Is there a natural divide between the arts and sciences? Many view C.P. Snow’s infamous book The Two Cultures as a warning of the emerging cultural split across modern society. In reality, Snow believed that an art-science divide was fundamentally unnatural and was caused by society’s inability to accommodate its rapid march toward specialization. In this talk, University of Oregon physicist and fractals expert Richard Taylor will use his experiences of working across art and science to demonstrate that shared interests can defeat divides. The past twenty-five years have seen a remarkable revolution in the way scientists study nature’s scenery, which has brought scientific inquiry and artistic views of nature closer together. At the heart of this revolution lies the discovery of intricate patterns called fractals. Dramatically referred to as ‘the fingerprint of life’, fractals have been shown to be the basic building block of many of nature’s patterns, ranging from clouds, trees and mountains through to our brains, blood vessels and lungs. Taylor will discuss biomimicry – the concept of learning from nature’s patterns and using them in artificial systems such as art works (from da Vinci to Escher to Jackson Pollock) and scientific devices (cell phones, retinal implants and future computers). Through his engaging talk, Taylor will propose that the act of creativity itself follows a natural process – one shared by both artists and scientists.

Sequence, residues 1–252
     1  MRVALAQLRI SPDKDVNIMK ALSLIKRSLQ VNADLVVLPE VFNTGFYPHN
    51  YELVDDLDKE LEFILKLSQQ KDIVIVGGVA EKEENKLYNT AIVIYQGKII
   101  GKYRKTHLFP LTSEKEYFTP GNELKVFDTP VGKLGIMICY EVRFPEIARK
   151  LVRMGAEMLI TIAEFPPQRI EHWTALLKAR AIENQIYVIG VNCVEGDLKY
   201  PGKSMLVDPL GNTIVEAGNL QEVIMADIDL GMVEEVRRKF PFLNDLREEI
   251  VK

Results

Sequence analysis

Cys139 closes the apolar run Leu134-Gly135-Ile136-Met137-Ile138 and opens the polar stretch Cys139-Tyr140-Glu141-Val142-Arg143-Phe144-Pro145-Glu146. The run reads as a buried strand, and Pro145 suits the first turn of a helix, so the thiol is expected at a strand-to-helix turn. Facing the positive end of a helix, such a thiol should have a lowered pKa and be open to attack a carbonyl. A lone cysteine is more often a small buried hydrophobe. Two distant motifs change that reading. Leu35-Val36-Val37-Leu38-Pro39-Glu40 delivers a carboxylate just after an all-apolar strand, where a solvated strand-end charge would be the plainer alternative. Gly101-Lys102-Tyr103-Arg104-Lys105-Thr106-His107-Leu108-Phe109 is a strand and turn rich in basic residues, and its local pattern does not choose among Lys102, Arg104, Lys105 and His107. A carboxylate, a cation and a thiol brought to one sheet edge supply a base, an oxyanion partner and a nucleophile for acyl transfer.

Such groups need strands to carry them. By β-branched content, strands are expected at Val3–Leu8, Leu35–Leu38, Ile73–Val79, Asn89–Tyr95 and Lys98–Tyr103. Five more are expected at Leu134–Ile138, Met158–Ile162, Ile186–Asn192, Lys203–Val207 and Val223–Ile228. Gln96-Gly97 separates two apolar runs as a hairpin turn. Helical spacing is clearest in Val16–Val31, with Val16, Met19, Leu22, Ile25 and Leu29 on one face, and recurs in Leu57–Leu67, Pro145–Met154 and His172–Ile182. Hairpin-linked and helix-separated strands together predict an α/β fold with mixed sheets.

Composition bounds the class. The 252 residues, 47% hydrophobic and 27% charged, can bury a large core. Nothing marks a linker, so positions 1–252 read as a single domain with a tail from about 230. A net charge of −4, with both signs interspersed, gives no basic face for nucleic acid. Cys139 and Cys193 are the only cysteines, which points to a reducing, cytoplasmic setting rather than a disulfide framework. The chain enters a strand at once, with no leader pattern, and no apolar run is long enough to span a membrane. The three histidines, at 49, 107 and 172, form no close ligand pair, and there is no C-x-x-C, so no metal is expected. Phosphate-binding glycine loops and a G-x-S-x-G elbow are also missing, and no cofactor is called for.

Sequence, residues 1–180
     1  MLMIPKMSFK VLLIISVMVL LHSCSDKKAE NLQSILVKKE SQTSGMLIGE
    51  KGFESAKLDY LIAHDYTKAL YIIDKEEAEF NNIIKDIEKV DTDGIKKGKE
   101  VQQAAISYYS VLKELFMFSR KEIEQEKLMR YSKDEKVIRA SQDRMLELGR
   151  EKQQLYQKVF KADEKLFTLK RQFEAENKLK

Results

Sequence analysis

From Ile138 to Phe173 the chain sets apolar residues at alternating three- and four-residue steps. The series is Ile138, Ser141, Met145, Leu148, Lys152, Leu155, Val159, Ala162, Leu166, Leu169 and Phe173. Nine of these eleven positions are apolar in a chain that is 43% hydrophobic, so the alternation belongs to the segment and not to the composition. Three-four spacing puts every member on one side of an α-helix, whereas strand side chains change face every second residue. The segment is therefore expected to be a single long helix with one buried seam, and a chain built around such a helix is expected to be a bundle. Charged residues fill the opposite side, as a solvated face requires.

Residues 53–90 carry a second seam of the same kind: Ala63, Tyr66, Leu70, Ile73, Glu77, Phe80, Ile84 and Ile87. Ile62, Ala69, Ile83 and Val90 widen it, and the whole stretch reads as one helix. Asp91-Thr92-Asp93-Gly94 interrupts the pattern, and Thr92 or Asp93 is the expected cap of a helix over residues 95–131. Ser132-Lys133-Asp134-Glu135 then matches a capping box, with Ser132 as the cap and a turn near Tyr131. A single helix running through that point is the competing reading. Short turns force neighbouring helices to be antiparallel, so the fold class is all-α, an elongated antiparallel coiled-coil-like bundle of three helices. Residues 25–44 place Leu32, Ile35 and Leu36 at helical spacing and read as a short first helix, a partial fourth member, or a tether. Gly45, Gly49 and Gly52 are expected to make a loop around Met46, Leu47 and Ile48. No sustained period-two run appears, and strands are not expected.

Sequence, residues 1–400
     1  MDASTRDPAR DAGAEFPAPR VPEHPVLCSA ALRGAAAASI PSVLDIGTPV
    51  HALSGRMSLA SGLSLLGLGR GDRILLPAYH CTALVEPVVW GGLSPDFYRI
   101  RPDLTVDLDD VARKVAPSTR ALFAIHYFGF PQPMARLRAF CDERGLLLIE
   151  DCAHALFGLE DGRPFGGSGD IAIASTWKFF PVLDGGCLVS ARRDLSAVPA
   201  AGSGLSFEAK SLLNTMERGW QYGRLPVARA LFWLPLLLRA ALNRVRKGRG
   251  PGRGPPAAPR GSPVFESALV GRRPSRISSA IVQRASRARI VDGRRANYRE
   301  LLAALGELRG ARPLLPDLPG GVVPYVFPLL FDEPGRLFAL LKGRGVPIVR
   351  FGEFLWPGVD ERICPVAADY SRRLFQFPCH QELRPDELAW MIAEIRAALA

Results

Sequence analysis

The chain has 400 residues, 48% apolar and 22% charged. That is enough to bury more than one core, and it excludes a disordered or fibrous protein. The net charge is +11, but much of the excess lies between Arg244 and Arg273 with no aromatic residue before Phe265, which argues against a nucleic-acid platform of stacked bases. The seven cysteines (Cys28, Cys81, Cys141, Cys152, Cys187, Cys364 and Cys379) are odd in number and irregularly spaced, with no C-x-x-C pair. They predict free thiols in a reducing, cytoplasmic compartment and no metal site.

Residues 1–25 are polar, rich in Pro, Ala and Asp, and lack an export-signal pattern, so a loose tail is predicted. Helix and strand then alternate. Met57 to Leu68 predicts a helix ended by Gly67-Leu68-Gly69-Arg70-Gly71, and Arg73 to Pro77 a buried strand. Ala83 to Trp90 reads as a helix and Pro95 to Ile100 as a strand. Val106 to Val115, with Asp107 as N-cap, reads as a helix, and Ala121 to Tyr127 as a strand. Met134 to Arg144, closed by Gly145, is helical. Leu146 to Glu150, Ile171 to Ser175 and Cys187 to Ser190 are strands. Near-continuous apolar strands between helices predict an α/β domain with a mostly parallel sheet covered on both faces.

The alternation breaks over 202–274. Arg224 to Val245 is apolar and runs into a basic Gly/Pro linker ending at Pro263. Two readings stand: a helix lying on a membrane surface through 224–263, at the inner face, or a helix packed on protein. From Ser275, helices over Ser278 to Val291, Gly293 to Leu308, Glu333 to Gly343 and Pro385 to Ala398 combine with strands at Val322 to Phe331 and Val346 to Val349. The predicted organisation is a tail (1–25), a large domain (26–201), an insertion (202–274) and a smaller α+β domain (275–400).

Presented as part of Anna Craycroft’s C’mon Language project and the TBA:13 Festival. For more details on weekly events, visiting artists and scholars, and other related events, please visit the C’mon Language event page below.